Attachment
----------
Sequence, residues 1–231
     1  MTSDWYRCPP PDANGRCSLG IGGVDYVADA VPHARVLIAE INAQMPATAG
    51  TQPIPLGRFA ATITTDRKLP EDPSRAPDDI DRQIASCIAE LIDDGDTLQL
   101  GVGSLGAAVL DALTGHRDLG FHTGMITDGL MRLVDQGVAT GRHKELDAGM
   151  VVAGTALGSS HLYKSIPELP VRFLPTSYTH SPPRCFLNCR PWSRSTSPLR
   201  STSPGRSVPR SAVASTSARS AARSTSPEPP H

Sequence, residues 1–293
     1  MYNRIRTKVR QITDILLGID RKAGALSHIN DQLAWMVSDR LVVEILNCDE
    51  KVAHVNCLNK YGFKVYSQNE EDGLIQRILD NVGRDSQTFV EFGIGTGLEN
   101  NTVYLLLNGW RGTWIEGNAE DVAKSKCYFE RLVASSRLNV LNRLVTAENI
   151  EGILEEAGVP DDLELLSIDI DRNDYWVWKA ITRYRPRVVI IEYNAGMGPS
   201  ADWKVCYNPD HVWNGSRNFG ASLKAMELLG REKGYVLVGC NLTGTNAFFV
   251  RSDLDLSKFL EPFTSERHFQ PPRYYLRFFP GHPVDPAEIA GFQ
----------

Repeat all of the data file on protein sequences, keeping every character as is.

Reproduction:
Sequence, residues 1–231
     1  MTSDWYRCPP PDANGRCSLG IGGVDYVADA VPHARVLIAE INAQMPATAG
    51  TQPIPLGRFA ATITTDRKLP EDPSRAPDDI DRQIASCIAE LIDDGDTLQL
   101  GVGSLGAAVL DALTGHRDLG FHTGMITDGL MRLVDQGVAT GRHKELDAGM
   151  VVAGTALGSS HLYKSIPELP VRFLPTSYTH SPPRCFLNCR PWSRSTSPLR
   201  STSPGRSVPR SAVASTSARS AARSTSPEPP H

Sequence, residues 1–293
     1  MYNRIRTKVR QITDILLGID RKAGALSHIN DQLAWMVSDR LVVEILNCDE
    51  KVAHVNCLNK YGFKVYSQNE EDGLIQRILD NVGRDSQTFV EFGIGTGLEN
   101  NTVYLLLNGW RGTWIEGNAE DVAKSKCYFE RLVASSRLNV LNRLVTAENI
   151  EGILEEAGVP DDLELLSIDI DRNDYWVWKA ITRYRPRVVI IEYNAGMGPS
   201  ADWKVCYNPD HVWNGSRNFG ASLKAMELLG REKGYVLVGC NLTGTNAFFV
   251  RSDLDLSKFL EPFTSERHFQ PPRYYLRFFP GHPVDPAEIA GFQ